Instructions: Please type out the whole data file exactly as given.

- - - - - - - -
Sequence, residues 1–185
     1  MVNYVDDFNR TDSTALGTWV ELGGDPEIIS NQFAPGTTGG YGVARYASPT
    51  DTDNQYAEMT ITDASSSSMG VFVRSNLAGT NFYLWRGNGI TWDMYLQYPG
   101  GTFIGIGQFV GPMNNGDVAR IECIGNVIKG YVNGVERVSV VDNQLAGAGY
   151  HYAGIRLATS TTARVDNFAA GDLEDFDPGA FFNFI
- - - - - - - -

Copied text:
Sequence, residues 1–185
     1  MVNYVDDFNR TDSTALGTWV ELGGDPEIIS NQFAPGTTGG YGVARYASPT
    51  DTDNQYAEMT ITDASSSSMG VFVRSNLAGT NFYLWRGNGI TWDMYLQYPG
   101  GTFIGIGQFV GPMNNGDVAR IECIGNVIKG YVNGVERVSV VDNQLAGAGY
   151  HYAGIRLATS TTARVDNFAA GDLEDFDPGA FFNFI